Much of my weekend was spent elbow-deep in thorns.
We went blackberry picking. The result: a cobbler, smoothies and fresh berries on cereal, a quart to the neighbors, and bags full in the freezer. This compares to 2012, when lazy me picked zero berries.
So we are well-stocked for the fall and winter. Though the picking season is nearly finished, there are still so many ways to look at the blackberry. It brought to mind Wallace Stevens’ poem “13 Ways of Looking at A Blackbird,” and its lines:
“I know noble accent
And lucid, inescapable rhythms,
But I know, too
That the blackbird is involved
In what I know.”
Blackberries have their own lucid, inescapable rhythms.
Much effort in blackberry picking is devoted to the gentle maneuvering of thorn-line vine one does in self-defense to reduce the puncturing that goes with the territory. So … A picking tip: rather than trying to pinch the stalk between sharp thorns, move them by grabbing the leaves and pulling, for the leaves are without thorns — and tough.
We devoted blackberry pickers are a little like fishing folk: Please don’t ask us to divulge prime patches and favorite fishing holes. But I am looking forward to catching up with my friend Mark Hansen, who is also an aficionado.
The blackberry cobbler made by my wife, Lorre, awaits me after I write this column.
I have never used a capital-B BlackBerry.
A reliable recipe for blackberry wine: four quarts fruit, three quarts water, two cups of sugar (courtesy of my wine-making expert brother, Joel, who has made plenty of batches of the stuff).
My mother’s blackberry jam was a breakfast staple when I was growing up. The recipe was similar to that of number 5. I did not appreciate, in those hot August days, the sweat and time that she put into steaming the jars, milling the berries, and concocting the molten purple nectar that in February would taste so incredible on toast.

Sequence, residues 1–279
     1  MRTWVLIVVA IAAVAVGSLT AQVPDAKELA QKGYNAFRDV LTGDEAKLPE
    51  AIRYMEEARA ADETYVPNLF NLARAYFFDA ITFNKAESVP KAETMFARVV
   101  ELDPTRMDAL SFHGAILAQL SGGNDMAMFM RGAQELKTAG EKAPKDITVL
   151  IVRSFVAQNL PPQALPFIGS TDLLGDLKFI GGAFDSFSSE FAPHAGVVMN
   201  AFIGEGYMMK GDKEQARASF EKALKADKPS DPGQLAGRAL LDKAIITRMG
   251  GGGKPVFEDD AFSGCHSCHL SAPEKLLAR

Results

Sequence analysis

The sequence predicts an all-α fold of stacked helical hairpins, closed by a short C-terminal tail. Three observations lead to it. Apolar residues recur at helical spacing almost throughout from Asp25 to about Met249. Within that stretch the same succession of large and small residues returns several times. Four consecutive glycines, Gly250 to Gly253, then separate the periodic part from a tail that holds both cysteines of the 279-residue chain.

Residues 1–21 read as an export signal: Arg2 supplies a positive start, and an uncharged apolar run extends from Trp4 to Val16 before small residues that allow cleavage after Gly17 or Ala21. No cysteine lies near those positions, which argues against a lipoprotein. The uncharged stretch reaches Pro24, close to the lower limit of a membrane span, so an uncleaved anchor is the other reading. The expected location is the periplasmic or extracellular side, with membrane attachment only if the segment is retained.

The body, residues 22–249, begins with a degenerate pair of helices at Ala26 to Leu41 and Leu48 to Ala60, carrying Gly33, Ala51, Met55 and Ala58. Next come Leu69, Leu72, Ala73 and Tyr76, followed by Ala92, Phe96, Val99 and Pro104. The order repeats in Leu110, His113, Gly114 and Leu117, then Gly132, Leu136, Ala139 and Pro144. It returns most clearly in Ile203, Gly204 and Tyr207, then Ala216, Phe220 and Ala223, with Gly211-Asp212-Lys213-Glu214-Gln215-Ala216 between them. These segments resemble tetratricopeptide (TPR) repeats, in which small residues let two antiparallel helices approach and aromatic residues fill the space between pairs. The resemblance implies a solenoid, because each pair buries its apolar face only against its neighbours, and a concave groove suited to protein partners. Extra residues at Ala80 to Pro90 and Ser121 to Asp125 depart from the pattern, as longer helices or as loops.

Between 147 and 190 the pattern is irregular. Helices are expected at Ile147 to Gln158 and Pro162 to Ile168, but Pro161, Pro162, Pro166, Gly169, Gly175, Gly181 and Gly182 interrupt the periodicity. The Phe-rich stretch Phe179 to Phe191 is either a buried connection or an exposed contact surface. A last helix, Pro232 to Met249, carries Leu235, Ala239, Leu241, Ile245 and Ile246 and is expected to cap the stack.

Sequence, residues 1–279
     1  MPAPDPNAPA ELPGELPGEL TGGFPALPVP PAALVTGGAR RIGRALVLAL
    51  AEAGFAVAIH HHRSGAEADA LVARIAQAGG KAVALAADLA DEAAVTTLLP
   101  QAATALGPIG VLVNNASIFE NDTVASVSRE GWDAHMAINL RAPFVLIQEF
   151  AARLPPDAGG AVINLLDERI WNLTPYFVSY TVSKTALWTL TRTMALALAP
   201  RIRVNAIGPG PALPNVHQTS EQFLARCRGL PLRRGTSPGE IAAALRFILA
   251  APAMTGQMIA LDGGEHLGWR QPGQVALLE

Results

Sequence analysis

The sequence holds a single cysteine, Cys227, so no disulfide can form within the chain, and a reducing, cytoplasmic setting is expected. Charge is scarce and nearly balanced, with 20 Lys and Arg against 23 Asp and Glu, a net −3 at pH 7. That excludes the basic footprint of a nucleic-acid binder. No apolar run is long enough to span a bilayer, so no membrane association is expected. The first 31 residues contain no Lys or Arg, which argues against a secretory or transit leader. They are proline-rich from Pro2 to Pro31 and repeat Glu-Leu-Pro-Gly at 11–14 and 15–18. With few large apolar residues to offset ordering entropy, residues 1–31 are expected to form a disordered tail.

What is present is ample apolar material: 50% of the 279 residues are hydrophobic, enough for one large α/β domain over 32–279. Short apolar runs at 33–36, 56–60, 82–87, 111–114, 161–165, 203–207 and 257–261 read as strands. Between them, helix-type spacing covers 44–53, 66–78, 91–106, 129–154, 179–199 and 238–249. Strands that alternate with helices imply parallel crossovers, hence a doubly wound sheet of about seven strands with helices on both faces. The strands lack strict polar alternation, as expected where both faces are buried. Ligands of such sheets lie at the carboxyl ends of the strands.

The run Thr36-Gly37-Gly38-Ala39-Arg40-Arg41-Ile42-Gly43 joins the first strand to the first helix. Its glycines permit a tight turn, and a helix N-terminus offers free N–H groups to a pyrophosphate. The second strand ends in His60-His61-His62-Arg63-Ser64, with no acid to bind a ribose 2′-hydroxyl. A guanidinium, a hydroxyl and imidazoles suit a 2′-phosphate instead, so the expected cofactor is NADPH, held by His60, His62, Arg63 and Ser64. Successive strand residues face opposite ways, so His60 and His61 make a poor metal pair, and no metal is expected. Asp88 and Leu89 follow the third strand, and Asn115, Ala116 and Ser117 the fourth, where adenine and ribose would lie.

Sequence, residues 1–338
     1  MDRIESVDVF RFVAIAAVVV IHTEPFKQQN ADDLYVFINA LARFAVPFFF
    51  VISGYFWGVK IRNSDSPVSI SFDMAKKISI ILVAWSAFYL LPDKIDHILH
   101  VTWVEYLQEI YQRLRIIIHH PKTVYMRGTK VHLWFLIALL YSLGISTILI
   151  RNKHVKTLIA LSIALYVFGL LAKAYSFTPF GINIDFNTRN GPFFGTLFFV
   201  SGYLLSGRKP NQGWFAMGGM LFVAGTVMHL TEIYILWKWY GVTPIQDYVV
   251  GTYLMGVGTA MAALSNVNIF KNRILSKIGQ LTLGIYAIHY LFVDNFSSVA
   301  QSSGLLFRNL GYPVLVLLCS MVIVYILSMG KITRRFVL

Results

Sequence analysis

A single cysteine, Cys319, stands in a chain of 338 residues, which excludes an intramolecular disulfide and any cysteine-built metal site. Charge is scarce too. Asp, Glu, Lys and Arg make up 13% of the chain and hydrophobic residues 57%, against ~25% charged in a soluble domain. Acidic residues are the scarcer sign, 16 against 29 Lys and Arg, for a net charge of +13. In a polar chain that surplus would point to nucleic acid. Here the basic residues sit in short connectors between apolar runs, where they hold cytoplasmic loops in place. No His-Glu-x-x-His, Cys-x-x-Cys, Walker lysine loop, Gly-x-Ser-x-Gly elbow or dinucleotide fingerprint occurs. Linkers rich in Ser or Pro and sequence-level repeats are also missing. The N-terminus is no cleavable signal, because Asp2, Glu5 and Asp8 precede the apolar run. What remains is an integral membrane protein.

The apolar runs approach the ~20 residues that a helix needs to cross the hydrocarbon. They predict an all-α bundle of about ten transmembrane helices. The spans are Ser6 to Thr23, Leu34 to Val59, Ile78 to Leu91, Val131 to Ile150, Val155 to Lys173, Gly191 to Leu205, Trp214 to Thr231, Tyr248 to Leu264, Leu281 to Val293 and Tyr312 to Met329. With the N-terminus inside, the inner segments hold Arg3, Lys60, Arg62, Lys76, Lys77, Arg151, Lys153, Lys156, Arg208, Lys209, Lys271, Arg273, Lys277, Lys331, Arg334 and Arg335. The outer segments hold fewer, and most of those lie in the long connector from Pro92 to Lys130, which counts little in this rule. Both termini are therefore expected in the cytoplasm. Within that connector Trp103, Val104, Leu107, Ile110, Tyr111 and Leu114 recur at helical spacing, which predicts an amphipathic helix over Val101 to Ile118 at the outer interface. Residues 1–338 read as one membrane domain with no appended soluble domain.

Slackwater Beach in Hood River (see photo) is lined with tall patches of brambles on its banks. But the fruit rots on the vines; I think the paddlers and surfers are focused on matters other than harvesting. But perhaps the berries are left because of other, unappetizing, things that line the banks. Ask people who own dogs.
If you live with someone who smokes, eat blackberries. They are high in ellagic acid, which is an antioxidant that acts as a scavenger to help make potential cancer-causing chemicals inactive. Ellagic acid reduced the genetic damage caused by carcinogens like tobacco smoke and air pollution. They also contain other antioxidants that help lower cholesterol and ward off cardiovascular disease.
Blackberries are also known as dewberries.
Worldwide, there are more than 2,000 varieties of rubus fruticosus.
My friend Jeff, who works for an irrigation district, told me he eats one blackberry a year. One.
“I like them but I can’t encourage them by enjoying them,” he quipped, because a large part of his job is devoted to eradicating the blackberry.
And so to ways 12 and 13.
In the U.S. Oregon is the leading commercial blackberry producer, at 53.5 million pounds in 2011.
“Himalayan blackberry control is a major problem,” says OSU Extension Service. “Himalayan blackberry (Rusu armeniacus) is a European shrub that was introduced in the United States as a crop in the late 19th century. It escaped cultivation and has since invaded a variety of sites, including low-elevation streamside areas through the Northwest.
“Listed as a noxious weed in Oregon, Himalayan blackberry rapidly occupied disturbed areas, is very difficult to eradicate once establishes, and tends to out-compete native streamside vegetation.”
That said, a plump Himalayan picked at its peak is in a class by itself: a round, rich flavor distinct from the smaller, perfumey trailing, blackberry — also a unique treat. Smaller still, black caps are good for browsing while hiking, but too inconsistent to warrant the time it takes to pick them.
Don’t get me started on blackberry’s cousins, the raspberry, which I cannot abide. (I know. But I feel the same way about apricots, too.) On the other hand, the rich uncle to the Himalayans is the thimble-sized Marionberry, firm jewels that are, along with salmon, hazelnuts, Multnomah Falls, Bill Schonely and Timberline Lodge, noble accents that define Oregon.
The blackberry is involved in what I know; I have the scratches to prove it.